In opposition to defendants' motions for summary judgment, plaintiff submitted evidentiary proof in admissible form, including the affidavit of Warner Deitz, an expert forester, which incorporated Deitz's expert report.   Deitz opined that the observable extensive decay on the tree which fell on plaintiff's truck was significant and that the tree was “an obvious hazard * * * requiring special precautions to protect personnel and equipment working in the area”.   Deitz's nonconclusory affidavit setting forth his opinion, which was based on facts revealed by his detailed investigation, was sufficient to raise an issue of fact regarding the existence of the dangerous condition and defendants' constructive notice of that condition.   Liability may arise for plaintiff's injuries from the fallen tree which was in a decayed and dangerous condition when, as here, the landowner may be charged with actual or constructive notice of the condition of the tree prior to when it fell (see, e.g., Harris v. Village of E. Hills, 41 N.Y.2d 446, 449, 393 N.Y.S.2d 691, 362 N.E.2d 243;  Newman v. City of Glens Falls, 256 A.D.2d 1012, 1013, 682 N.Y.S.2d 314;  Rinaldi v. State of New York, 49 A.D.2d 361, 363, 374 N.Y.S.2d 788).   Consequently, assuming that defendants met their burden on their motions for summary judgment, their motions were properly denied as questions of fact exist regarding defendants' ownership 3 of the land upon which the tree was located and constructive notice of the tree's dangerous condition.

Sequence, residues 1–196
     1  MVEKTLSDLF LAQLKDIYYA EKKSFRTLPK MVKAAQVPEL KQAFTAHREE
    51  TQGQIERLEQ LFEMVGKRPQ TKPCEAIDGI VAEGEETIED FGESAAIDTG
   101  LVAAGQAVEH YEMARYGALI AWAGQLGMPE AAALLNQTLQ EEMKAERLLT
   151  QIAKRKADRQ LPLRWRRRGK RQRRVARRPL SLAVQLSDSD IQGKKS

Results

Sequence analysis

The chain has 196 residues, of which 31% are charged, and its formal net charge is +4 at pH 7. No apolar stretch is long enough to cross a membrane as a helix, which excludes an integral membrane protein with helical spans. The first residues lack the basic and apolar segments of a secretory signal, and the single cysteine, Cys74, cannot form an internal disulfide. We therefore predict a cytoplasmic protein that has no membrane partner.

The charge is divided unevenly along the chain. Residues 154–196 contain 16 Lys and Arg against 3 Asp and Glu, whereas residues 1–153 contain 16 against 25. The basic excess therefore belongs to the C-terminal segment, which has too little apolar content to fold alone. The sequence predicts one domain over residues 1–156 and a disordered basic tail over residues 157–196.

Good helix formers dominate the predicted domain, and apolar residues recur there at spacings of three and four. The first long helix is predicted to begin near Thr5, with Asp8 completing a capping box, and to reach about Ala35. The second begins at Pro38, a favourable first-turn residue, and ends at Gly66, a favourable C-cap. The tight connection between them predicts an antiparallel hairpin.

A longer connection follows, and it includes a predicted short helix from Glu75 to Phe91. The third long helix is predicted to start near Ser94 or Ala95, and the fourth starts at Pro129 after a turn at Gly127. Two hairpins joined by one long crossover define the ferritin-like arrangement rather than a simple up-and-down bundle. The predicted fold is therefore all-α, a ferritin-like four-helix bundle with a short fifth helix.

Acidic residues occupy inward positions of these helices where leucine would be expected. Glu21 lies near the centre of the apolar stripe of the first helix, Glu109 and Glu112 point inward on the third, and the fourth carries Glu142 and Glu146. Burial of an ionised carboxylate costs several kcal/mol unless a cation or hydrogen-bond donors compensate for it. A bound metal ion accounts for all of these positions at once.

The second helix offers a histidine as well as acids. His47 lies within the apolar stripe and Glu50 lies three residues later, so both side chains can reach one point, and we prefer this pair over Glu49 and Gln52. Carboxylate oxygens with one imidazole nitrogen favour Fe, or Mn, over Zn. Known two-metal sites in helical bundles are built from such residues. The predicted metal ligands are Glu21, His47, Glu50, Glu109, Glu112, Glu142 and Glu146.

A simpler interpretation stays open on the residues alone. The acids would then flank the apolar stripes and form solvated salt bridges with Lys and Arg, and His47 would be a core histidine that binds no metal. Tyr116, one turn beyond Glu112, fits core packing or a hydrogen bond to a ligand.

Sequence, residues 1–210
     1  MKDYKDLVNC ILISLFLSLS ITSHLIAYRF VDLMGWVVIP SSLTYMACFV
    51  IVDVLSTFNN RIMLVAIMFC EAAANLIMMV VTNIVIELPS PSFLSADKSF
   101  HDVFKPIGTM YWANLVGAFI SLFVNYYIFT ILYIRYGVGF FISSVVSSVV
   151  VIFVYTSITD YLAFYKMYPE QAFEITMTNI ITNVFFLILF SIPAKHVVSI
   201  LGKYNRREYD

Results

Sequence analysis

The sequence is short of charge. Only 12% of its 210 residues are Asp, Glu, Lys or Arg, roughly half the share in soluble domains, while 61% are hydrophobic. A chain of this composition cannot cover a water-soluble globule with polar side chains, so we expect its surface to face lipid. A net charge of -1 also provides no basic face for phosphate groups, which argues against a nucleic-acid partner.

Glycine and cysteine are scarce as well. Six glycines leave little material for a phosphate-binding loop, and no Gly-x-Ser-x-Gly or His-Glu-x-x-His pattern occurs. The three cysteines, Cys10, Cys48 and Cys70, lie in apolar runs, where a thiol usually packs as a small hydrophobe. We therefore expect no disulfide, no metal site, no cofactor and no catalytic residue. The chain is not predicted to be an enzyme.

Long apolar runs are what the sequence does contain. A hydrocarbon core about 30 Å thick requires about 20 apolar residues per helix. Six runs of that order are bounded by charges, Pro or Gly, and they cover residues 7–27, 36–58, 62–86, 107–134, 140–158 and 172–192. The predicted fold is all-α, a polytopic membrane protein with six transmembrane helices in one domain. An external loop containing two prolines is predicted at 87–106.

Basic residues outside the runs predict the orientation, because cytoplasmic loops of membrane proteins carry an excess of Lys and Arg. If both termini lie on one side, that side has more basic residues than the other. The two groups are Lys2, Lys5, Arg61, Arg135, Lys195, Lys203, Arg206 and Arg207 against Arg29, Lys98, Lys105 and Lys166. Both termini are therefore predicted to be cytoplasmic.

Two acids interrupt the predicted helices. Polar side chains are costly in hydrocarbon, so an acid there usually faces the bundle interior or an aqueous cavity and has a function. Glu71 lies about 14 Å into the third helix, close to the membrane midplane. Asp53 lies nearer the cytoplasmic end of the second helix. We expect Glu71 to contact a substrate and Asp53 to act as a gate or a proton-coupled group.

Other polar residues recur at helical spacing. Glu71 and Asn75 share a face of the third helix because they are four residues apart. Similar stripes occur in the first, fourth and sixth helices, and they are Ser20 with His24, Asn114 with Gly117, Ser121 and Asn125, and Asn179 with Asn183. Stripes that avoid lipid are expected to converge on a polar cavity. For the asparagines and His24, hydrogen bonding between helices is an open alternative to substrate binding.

While on these facts we perceive no distinction between the liability imposed by the different causes of action, we also agree that Supreme Court properly denied that part of defendants' motions seeking dismissal of the Labor Law § 200 cause of action.   Labor Law § 200 “is a codification of the common-law duty imposed upon an owner or general contractor to provide workers with a safe place to work” (Comes v. New York State Elec. & Gas Corp., 82 N.Y.2d 876, 877, 609 N.Y.S.2d 168, 631 N.E.2d 110;  see, Lyon v. Kuhn, 279 A.D.2d 760, 761, 718 N.Y.S.2d 485).   Defendants do not dispute that plaintiff was in the course of his employment when he was injured.   Furthermore, on July 10, 1998, Whiteface Development, as titled owner of lot 14, and Adirondack, as contract vendee of lot 14, were owners of that work site who could be subject to owner liability under Labor Law § 200 (see, Nephew v. Barcomb, 260 A.D.2d 821, 822, 688 N.Y.S.2d 751;  De Freece v. Penny Bag, 137 A.D.2d 744, 745, 524 N.Y.S.2d 825).